The Country Girls
A classic title in Edna O'Brien's Country Girls Trilogy - the first volume It is the early 1960s in a country village in Ireland. Caithleen Brady and her attractive friend Baba are on the verge of womanhood and dreaming of spreading their wings in a wider world; of discovering love and luxury and liquor and above all, fun. With bawdy innocence, shrewd for all their inexperience, the girls romp their way through convent school to the bright lights of Dublin - where Caithleen finds that suave, idealised lovers rarely survive the real world.
- Paperback | 240 pages
- 128 x 196 x 22mm | 222.26g
- 05 Sep 2007
- Orion Publishing Co
- Phoenix (an Imprint of The Orion Publishing Group Ltd )
- London, United Kingdom
She is one of our bravest and best novelists Irish Times O'Brien rises like a lark in the clear air, she sings as she flies Literary Review A gripping love story which will keep the reader guessing to the end and delight Edna O'Brien's many fans Literary Review An impressive book: sinewy, spare, clotted with emotion and written in a well-balanced mixture of clipped, elliptical dialogue and rich description ... Violence, hatred and conflict power the story along with great urgency, which makes this a book best read at a single sitting Mail on Sunday A fine study of primitive passions, of marginal lives frozen in time ... Edna remains the undisputed literary mistress of her territory. She has a perfect pitch for rural dialogue - the emotional inarticulacy, the spiteful humnour Sunday Express You'll turn the pages of this book with the greatest reluctance, and that is because each page is so seductive, so dazzling, you won't want to leave it. Whether the setting is Brooklyn or London or the County Clare itself, richness in detail and atmosphere draws you in. And what novelist in the world can match Edna O'Brien when she explores the human heart? None, I say -- Frank McCourt Ireland's greatest female writer ... moving, dark and engrossing Tatler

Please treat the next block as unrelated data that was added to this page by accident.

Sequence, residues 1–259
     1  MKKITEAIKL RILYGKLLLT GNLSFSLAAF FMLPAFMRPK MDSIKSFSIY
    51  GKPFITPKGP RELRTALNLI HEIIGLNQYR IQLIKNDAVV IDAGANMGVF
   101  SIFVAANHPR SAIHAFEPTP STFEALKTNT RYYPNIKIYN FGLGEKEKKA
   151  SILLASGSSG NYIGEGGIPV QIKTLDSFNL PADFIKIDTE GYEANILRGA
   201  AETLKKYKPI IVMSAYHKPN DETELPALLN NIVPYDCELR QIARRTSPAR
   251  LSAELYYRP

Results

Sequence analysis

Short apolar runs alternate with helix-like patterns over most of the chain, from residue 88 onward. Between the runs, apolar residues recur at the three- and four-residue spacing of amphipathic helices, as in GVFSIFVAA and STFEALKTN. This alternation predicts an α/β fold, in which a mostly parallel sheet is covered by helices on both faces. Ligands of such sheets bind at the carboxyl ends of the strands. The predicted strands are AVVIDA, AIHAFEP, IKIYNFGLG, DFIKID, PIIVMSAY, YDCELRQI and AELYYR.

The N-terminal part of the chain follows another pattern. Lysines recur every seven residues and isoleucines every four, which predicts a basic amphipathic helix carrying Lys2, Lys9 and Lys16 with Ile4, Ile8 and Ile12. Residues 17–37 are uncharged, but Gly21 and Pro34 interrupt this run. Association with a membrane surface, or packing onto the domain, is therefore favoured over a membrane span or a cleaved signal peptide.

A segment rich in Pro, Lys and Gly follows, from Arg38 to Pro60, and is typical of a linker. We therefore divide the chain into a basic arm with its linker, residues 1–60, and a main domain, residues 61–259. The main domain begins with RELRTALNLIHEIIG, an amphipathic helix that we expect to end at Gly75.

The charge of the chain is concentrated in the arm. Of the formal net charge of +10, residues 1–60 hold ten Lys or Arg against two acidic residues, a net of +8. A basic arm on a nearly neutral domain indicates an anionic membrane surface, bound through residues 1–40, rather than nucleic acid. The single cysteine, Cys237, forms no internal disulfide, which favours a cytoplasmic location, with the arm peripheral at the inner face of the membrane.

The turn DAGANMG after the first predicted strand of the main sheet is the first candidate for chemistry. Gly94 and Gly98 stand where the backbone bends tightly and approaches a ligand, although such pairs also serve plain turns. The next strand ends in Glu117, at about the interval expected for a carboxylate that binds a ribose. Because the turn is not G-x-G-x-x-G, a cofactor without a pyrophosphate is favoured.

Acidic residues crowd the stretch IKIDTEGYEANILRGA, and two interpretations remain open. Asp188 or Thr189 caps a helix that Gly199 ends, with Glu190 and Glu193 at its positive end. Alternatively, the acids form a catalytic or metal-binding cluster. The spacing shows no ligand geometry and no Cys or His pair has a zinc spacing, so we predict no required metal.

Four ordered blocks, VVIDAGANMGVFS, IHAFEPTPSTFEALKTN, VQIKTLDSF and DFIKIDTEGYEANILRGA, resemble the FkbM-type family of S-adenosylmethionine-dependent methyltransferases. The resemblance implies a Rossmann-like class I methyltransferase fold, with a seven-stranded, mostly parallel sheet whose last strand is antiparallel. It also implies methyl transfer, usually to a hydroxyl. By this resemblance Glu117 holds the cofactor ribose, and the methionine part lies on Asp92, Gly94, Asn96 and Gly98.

About Edna O'Brien
Edna O'Brien is the author of 19 books. She was the winner of the 1993 Writers Guild Prize for Fiction. Her biography of James Joyce was published by Weidenfeld & Nicolson in June 1999. Her recent fiction has been about Irish topics - religion, politics, property. In 2001 her documentary novel, In the Forest - about a brutal murder on the west coast - caused a furore in her native Ireland. It was the subject of a BBC Omnibus film.